Development Opportunities After the Sears Bankruptcy Filing Part 1
Now that Sears has filed for Chapter 11 bankruptcy, the corporate giant will be closing more than 140 locations nationwide. What remains, will be the husks of retail spaces that helped define American values and sensibilities throughout the 20th century. Throughout the country, developers will be looking to transform these abandoned stores into new businesses that can withstand the onslaught of digital retailers making it harder and harder for brick-and-mortar businesses to survive.
When a company the size of Sears files for bankruptcy, developers and contractors must collaborate to renovate old stores into new businesses, but buildings the size of Sears are only suitable for certain types of businesses. In this two-part series, our Knoxville contractor lawyers will discuss the best development opportunities for developers and contractors looking to takeover these defunct outlets.
Another Retail Outlet
If you’re looking to develop one of these locations without having to overhaul the entire structure, you should consider seeking contracts with other major retailers and former competitors of Sears. Sears stores are primed to be taken over by other major retailers like JCPenney, Dillard’s, Macy’s, and Dick’s Sporting Goods, and since the Sears bankruptcy is a result of outdated branding and a failure to compete online, these other, more successful retailers may be interested in opening a brand new store for a great price despite Sears’ inability to capitalize on the location.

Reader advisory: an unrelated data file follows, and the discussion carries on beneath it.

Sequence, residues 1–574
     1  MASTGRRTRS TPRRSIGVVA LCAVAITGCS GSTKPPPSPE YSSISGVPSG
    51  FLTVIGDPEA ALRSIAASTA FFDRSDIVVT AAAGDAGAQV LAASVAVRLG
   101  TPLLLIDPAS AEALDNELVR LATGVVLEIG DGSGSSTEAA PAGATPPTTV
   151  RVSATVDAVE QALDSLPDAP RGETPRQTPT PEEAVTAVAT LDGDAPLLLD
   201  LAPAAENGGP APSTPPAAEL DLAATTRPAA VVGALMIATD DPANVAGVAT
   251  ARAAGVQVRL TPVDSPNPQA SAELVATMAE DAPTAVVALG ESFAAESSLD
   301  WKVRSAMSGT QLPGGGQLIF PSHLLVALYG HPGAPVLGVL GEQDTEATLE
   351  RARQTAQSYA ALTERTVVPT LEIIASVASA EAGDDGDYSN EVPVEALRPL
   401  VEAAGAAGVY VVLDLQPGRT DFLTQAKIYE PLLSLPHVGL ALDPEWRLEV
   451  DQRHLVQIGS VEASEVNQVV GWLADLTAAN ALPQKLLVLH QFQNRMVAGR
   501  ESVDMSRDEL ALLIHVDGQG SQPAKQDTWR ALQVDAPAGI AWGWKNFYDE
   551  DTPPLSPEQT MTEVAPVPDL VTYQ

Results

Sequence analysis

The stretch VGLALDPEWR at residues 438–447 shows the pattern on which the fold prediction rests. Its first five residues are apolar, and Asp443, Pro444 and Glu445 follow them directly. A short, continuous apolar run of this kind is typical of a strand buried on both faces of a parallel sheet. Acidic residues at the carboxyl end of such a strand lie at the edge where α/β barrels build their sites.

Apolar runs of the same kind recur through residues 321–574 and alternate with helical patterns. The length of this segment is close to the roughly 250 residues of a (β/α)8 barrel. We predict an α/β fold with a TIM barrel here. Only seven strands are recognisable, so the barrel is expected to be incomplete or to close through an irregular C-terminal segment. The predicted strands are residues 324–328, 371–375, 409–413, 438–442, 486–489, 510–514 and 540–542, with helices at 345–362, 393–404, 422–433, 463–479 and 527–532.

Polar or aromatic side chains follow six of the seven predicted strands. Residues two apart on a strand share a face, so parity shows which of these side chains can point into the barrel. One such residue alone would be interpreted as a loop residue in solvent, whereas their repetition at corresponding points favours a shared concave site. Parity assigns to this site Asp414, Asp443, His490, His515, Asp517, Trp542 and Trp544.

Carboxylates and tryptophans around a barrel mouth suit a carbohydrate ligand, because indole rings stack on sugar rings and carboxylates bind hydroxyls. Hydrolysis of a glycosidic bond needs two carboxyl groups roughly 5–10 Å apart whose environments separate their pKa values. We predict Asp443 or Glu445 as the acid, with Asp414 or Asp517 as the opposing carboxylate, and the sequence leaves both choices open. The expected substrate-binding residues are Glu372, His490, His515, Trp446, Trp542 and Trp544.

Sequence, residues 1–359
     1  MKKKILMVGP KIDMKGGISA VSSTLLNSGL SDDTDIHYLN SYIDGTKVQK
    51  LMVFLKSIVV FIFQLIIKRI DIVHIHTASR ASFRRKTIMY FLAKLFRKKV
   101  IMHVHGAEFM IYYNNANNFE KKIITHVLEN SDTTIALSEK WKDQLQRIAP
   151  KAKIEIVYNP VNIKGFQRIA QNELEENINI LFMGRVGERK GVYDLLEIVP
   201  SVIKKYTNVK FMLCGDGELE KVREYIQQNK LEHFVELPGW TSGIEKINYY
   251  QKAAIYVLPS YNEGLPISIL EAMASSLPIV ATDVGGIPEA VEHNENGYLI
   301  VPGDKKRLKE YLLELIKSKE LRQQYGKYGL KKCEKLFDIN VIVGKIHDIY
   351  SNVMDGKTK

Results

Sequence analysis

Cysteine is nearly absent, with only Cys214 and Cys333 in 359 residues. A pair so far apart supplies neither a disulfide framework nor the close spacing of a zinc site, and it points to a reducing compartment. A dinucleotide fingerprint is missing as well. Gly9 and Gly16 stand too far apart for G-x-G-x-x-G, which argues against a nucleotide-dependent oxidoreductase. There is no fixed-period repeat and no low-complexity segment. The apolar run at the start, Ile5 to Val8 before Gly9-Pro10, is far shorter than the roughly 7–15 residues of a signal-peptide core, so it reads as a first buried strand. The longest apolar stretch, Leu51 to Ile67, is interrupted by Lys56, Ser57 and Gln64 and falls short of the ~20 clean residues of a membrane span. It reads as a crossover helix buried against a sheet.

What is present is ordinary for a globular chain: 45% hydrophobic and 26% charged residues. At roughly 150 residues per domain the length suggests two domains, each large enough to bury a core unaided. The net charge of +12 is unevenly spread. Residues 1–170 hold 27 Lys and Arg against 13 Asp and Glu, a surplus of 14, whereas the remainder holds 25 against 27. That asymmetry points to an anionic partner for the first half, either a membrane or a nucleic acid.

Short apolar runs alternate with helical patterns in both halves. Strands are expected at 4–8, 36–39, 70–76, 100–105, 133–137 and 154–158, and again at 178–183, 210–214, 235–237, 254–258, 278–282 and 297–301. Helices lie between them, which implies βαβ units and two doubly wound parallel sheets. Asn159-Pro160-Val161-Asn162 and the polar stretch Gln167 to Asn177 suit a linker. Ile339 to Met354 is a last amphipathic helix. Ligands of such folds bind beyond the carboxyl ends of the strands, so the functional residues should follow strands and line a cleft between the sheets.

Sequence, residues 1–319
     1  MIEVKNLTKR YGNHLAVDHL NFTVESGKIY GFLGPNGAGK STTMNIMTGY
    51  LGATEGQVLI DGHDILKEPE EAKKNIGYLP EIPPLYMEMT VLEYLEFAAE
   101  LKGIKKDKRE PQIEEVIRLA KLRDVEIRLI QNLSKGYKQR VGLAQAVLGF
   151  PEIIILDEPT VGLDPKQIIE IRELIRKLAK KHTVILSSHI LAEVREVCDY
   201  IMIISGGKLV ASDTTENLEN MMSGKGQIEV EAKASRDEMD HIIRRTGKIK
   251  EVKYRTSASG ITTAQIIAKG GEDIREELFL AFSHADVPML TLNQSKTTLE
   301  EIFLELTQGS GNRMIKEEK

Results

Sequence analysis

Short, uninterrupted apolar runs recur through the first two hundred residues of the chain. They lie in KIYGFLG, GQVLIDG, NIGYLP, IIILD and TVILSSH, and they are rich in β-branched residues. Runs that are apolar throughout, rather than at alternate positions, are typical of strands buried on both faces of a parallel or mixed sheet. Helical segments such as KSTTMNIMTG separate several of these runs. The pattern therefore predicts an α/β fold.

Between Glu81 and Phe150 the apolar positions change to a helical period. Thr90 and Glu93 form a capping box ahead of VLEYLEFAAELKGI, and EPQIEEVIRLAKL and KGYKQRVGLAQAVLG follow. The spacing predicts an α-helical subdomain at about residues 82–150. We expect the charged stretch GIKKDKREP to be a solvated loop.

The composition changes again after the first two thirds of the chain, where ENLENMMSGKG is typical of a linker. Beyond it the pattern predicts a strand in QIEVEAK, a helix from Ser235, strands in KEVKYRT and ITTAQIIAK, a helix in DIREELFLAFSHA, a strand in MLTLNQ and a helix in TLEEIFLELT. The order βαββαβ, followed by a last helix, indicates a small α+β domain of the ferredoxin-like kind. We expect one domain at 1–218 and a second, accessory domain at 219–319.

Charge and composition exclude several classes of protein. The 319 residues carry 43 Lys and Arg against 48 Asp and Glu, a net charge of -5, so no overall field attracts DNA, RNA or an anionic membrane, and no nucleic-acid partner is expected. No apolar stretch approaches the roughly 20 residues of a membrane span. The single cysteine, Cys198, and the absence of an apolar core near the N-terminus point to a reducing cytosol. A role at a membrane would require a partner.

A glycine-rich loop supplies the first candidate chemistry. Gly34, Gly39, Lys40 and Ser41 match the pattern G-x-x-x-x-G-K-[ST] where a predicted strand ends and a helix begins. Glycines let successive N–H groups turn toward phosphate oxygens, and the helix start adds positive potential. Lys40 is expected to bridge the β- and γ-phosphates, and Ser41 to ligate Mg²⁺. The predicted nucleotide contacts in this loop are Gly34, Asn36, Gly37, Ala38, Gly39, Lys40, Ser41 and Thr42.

Renovating a major retail outlet space for another brand is relatively simple. The space is already perfect for hosting an array of different products, so the majority of your work will involve building out department installations and directing paths for foot traffic. In many cases, there will be very few high-level construction tasks, but you may find yourself installing new walls, patching ceilings, or hiring a subcontractor to fix escalators.
Despite the prevalence and popularity of streaming applications like Netflix and Hulu, people still love going to the movie theater to see new movies, despite the exorbitant price of tickets, popcorn, and soda. In fact, countless records have been shattered in the last five years including those for All Time Domestic Box Office, All Time Animated Domestic Box Office, Biggest Domestic Opening Weekend Box Office, and Biggest Domestic February Weekend Box Office. The sheer size and scale of major retail outlets make them a potential location for the next great movie theater. Plus, movie theaters prefer structures with two-stories — a staple of Sears.
To learn more about development opportunities for contractors and developers in the wake of the Sears Chapter 11 bankruptcy filing, read part two.
If you would like to speak with a Knoxville contractor lawyer, please contact us today.
Disclaimer: The information contained in this article is for general educational information only. This information does not constitute legal advice, is not intended to constitute legal advice, nor should it be relied upon as legal advice for your specific factual pattern or situation.